When it comes to marketing online, one of the best things you can do for your law firm is publish an article on Wikipedia.
Although anyone can write or edit articles on this massive online encyclopedia, everything must pass a rigorous review process before it’s finalized, approved, and published for the public to see. In order to have your own work published, you’ll need to meet a few technical requirements and make sure the content you intend to publish meets Wikipedia’s high standards.
Technical Requirements for Publishing On Wikipedia
Create an Account
The first thing you’ll need to do is create a Wikipedia account. A registered account will allow you to add to or change existing articles, or create your own. The process is very straight forward. Be sure to use accurate information when setting up your account. Wikipedia is all about trust.
Start by Contributing To Existing Articles
It’s probably not going to go well if you try to jump straight in and write your own article from scratch. It’s better to get your feet wet and explore how the system works by making contributions to, or editing, existing articles. Try searching for topics or important figures in your area of law where you have some expertise.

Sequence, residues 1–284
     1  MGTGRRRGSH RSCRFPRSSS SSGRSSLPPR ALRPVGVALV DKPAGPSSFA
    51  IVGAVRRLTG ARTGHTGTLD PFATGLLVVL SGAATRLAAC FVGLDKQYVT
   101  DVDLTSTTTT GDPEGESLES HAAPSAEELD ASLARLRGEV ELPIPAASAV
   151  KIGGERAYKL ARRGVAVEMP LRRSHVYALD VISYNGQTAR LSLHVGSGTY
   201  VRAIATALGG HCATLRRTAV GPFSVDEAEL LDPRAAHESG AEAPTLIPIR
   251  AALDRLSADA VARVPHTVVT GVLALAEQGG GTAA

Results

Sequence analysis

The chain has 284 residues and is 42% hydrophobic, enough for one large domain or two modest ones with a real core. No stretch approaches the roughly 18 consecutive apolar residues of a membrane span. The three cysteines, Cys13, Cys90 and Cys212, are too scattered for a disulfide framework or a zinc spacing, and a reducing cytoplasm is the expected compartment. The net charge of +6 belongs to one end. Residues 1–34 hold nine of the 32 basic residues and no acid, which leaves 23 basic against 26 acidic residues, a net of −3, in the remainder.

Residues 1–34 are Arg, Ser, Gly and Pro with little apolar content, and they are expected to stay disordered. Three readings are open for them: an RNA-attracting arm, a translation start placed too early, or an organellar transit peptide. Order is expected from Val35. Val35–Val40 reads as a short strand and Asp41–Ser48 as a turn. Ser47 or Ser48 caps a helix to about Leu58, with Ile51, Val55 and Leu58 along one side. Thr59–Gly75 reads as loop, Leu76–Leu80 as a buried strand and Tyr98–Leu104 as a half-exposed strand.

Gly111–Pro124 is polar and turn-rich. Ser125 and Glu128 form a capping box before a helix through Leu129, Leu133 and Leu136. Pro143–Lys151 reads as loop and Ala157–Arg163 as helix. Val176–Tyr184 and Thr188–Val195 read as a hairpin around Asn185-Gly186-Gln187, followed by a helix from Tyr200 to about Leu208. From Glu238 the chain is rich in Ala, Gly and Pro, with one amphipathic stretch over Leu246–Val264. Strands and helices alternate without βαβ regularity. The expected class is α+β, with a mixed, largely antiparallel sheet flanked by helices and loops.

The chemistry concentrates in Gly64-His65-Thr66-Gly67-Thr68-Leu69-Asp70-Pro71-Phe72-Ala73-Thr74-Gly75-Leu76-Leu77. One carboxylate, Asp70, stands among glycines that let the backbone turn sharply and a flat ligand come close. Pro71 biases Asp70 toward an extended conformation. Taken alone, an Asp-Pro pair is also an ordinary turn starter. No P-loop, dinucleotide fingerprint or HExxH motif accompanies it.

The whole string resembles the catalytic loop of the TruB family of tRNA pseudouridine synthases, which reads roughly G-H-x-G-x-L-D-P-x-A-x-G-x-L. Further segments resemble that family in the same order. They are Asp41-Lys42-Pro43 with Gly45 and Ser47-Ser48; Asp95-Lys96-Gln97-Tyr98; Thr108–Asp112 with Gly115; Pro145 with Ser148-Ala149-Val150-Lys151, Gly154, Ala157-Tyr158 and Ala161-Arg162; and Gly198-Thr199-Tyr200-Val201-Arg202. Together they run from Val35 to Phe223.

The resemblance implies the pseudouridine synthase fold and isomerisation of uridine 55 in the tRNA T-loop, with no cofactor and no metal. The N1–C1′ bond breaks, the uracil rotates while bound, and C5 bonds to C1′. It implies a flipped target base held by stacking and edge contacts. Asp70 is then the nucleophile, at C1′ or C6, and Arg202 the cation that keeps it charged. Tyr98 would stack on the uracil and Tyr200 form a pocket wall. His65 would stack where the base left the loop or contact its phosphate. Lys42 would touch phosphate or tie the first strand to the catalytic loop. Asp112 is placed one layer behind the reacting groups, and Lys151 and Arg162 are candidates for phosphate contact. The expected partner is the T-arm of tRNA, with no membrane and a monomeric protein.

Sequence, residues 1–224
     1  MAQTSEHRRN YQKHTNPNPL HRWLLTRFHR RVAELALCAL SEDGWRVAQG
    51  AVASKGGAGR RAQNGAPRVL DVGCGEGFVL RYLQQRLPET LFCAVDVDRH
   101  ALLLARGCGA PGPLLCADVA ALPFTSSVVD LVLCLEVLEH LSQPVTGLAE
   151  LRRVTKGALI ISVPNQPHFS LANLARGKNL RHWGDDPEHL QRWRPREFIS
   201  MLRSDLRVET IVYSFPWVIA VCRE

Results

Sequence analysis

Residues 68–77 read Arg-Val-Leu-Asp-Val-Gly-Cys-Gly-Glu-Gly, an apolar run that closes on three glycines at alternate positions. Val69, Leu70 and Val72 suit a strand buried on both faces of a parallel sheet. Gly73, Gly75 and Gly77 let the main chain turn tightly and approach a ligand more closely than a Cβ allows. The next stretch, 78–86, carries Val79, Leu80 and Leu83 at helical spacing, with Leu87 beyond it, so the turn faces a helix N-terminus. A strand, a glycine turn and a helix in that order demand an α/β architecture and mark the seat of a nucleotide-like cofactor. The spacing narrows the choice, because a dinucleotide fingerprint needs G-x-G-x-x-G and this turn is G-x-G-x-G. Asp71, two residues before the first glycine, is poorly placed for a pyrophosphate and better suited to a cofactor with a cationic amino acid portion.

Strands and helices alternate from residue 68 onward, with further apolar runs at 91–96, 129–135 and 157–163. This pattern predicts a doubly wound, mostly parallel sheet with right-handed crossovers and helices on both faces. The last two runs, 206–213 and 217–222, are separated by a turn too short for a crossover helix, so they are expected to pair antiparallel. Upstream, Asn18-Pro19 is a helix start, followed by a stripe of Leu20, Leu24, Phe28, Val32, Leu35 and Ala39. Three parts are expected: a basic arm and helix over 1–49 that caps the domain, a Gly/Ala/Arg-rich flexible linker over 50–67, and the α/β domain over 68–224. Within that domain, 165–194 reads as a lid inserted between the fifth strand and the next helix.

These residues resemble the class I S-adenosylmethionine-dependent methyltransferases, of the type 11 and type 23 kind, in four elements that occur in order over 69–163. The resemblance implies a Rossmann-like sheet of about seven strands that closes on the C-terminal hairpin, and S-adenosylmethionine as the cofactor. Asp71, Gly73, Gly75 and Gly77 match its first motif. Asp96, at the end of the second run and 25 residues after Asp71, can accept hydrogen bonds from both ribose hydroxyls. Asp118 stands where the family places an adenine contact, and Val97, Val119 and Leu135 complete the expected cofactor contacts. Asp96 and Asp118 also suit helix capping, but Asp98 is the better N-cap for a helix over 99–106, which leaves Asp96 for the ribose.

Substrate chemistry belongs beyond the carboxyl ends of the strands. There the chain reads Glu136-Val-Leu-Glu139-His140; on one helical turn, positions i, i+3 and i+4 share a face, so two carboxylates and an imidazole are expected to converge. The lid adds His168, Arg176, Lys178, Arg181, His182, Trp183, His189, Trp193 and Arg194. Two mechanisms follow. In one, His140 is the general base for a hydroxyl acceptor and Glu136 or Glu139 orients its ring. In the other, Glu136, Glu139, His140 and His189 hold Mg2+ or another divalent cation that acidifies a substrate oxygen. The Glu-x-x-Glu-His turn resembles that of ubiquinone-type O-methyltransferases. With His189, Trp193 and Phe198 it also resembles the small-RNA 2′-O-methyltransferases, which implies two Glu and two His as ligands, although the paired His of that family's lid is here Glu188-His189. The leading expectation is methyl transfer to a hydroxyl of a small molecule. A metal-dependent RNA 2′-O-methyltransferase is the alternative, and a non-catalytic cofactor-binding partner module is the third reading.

By contributing to Wikipedia’s existing articles you’ll begin to build trust. As you build your reputation in the system you gain user access levels, such as “auto-confirmed user,” which allow you to do more things on the site without the need to wait for other editors to confirm your actions.
Once you’ve got some smaller contributions under your belt and your user access level starts to rise, you’ll be in a much better position to create a page on the topic of your choice and actually have it published. You can’t just publish whatever you like at will, though. Wikipedia’s content standards are high.